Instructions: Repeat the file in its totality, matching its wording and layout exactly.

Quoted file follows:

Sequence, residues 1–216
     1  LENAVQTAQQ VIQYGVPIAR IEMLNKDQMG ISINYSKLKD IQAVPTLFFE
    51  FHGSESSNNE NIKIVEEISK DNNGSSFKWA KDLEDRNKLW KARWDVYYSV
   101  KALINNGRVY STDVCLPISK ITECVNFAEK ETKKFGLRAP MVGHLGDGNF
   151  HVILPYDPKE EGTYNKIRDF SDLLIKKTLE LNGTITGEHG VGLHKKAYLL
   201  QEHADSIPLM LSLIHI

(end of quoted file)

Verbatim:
Sequence, residues 1–216
     1  LENAVQTAQQ VIQYGVPIAR IEMLNKDQMG ISINYSKLKD IQAVPTLFFE
    51  FHGSESSNNE NIKIVEEISK DNNGSSFKWA KDLEDRNKLW KARWDVYYSV
   101  KALINNGRVY STDVCLPISK ITECVNFAEK ETKKFGLRAP MVGHLGDGNF
   151  HVILPYDPKE EGTYNKIRDF SDLLIKKTLE LNGTITGEHG VGLHKKAYLL
   201  QEHADSIPLM LSLIHI